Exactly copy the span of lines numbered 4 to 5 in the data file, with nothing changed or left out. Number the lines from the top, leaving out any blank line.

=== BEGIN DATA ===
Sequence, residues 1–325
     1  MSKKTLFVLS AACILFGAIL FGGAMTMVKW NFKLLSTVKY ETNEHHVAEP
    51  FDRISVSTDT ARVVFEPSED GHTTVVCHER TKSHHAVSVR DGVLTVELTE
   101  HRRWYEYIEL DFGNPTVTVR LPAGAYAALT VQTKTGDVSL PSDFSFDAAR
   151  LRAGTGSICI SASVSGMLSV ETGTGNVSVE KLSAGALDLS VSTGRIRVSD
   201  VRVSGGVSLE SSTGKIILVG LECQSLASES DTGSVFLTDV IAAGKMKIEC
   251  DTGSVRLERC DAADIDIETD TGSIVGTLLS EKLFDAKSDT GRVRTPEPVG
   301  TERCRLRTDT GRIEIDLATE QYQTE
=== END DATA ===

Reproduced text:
   101  HRRWYEYIEL DFGNPTVTVR LPAGAYAALT VQTKTGDVSL PSDFSFDAAR
   151  LRAGTGSICI SASVSGMLSV ETGTGNVSVE KLSAGALDLS VSTGRIRVSD